An important distinction to note is that USDA Organic beef does not regulate some aspects of animal welfare that may be important to consumers, such as electric prodding, dehorning, tail docking, transportation duration maximums, or specific slaughtering techniques. It also does not indicate any specific standards are met in regards to the welfare of workers.

Raised without hormones is more significant for beef products

What does it mean when a package of beef is labeled as "raised without added hormones," "no synthetic hormones," or "no added hormones?" Beef packages labeled this way mean that there is adequate documentation that proves the producer has raised the animal without additional hormones, such as recombinant bovine growth hormone (rBGH or rBST). "No added hormones" labels do not indicate any other aspects of animal treatment or beef quality like what the cattle ate throughout their lives or whether they had access to sufficient pasture areas.

The "no added hormones" label is more significant for beef products than other meats such as poultry, veal, or exotic meat because the U.S. Food and Drug Administration (FDA) already prohibits the use of added hormones in those categories. Any of those types of meat products labeled as "hormone-free" are done so strictly for advertising reasons. However, cattle are not regulated to be free from hormones via the FDA. Some cattle producers use hormones to stimulate growth or milk production. So, a "no added hormones" label for beef is more indicative of extra steps taken to raise the animal.

Raised without antibiotics means cattle weren't treated with certain medications

Similar to a label claiming that beef was raised without hormones, a "raised without antibiotics" label means that the producers have provided sufficient evidence that their animals are raised without the use of such medicines.

Consuming meat that was raised without antibiotics is a priority for some shoppers due to concerns about potential adverse effects on human health due to antibiotic overuse. For example, many proponents of antibiotic-free practices cite concerns about breeding antibiotic-resistant bacteria that could potentially infect humans. By choosing to purchase beef that was raised antibiotic-free, these consumers hope to raise the demand for this kind of beef.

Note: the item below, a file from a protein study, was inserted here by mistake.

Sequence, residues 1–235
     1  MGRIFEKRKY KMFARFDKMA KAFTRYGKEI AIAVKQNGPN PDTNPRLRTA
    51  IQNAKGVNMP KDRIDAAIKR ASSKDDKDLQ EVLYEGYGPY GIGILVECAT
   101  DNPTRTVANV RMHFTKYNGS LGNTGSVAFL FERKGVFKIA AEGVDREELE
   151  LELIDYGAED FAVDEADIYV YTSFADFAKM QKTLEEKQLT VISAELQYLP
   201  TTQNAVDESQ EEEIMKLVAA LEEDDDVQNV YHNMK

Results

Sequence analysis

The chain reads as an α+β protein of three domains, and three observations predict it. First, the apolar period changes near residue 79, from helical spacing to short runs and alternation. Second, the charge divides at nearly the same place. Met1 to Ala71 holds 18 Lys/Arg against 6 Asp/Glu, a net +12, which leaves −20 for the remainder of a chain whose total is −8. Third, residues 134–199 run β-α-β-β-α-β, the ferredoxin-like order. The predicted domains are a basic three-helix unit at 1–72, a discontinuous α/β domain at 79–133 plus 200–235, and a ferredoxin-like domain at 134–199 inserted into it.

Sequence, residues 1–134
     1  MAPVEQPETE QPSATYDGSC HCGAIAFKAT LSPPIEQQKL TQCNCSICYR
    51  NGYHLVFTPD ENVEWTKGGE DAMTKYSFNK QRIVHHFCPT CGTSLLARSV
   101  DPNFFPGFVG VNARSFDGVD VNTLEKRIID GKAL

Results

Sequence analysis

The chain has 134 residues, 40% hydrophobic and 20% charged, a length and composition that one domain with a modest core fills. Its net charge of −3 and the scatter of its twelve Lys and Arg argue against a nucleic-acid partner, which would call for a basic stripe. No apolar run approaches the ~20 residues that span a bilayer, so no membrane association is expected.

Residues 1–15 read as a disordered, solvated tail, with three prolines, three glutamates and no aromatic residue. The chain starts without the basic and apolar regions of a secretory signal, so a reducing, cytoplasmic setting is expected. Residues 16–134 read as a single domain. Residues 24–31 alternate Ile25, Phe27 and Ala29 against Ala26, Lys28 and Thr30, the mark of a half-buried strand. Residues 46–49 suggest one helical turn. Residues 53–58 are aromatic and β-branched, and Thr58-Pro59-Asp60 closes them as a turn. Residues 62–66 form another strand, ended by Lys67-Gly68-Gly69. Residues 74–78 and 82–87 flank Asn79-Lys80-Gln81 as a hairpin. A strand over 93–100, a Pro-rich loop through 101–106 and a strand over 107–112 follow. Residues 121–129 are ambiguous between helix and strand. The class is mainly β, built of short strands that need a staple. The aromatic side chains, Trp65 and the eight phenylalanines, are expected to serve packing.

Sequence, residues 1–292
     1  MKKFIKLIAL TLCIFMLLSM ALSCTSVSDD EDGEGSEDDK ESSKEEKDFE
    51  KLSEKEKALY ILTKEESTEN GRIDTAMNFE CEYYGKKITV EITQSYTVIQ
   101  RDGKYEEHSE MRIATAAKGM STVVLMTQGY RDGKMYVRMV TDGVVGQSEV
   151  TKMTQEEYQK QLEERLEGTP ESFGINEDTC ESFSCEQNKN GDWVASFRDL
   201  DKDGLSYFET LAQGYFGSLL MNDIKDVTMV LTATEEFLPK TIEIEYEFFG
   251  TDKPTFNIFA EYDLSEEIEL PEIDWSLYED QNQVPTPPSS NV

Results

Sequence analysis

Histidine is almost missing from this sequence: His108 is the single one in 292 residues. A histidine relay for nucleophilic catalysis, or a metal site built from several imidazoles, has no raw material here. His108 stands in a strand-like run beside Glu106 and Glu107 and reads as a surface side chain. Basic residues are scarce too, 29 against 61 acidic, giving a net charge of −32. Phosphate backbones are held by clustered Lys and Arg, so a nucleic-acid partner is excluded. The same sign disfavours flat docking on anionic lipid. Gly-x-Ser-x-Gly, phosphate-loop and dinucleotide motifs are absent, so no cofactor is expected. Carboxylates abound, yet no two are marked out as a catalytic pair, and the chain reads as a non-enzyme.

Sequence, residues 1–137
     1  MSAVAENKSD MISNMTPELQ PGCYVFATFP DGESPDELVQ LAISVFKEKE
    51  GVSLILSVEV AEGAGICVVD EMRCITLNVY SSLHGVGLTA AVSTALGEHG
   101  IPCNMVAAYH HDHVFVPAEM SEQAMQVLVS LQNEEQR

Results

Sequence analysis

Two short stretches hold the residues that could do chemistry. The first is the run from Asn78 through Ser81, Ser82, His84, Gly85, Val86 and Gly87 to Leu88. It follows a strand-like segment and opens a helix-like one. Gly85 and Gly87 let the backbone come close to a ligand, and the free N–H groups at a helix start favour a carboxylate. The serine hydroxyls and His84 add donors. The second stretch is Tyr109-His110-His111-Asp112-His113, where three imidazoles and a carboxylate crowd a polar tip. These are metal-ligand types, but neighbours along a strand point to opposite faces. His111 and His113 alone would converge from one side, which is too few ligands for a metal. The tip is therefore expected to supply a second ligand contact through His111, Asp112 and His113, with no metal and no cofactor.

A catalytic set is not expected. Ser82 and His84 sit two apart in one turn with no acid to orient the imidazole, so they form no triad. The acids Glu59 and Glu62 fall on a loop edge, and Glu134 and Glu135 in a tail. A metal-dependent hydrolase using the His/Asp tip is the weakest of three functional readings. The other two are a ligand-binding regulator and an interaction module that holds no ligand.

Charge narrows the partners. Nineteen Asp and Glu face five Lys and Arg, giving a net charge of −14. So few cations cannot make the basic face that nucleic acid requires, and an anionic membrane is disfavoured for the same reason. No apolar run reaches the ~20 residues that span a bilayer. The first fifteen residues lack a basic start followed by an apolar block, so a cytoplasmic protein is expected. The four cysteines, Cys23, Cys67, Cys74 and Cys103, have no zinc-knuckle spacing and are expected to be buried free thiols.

There is some concern regarding the accuracy of "antibiotic-free" labeling. A 2022 study in the journal Science found at least one animal that tested positive for antibiotics in 42% of the 33 feed yards tested. In addition, 15% of all cattle tested as part of the study had residues from a commonly used antibiotic meant for disease prevention in livestock. Although this means 85% tested as antibiotic-free, the study showed that some "raised without antibiotic" producers are not following the rules.

Natural or All-Natural means the beef contains no synthetic ingredients

The USDA's Food Safety and Inspection Service defines the term "natural" on beef labels as indicating that the meat "cannot contain any artificial flavor or flavoring, coloring ingredient, chemical preservative, or any other artificial or synthetic ingredient." It also indicates the meat has been minimally processed.

What is misleading when it comes to meat packaging, including beef, is that despite having clearly defined terms in regard to what is and is not "all-natural," a third-party evaluation is not required to validate this claim that producers may make about their product. Individual claims can be evaluated by the USDA. But essentially, all fresh meat that is free of additives, is not fundamentally altered in some way, and is not overly processed qualifies as "natural."

In addition, there is confusion among consumers that "all-natural" beef is more humanely raised or healthier in terms of nutrition. However, that is not the case. A "natural" label has no significance regarding animal welfare or nutritional value.

Pasture-raised means cattle spent some of their life on a pasture

Pasture-raised sounds like an excellent life for cattle, and it is, provided the producer's definition of "pasture-raised" is humane. Unfortunately, there is a lot of room for interpretation regarding what is considered pasture-raised, and the term is loosely defined and not third-party verified.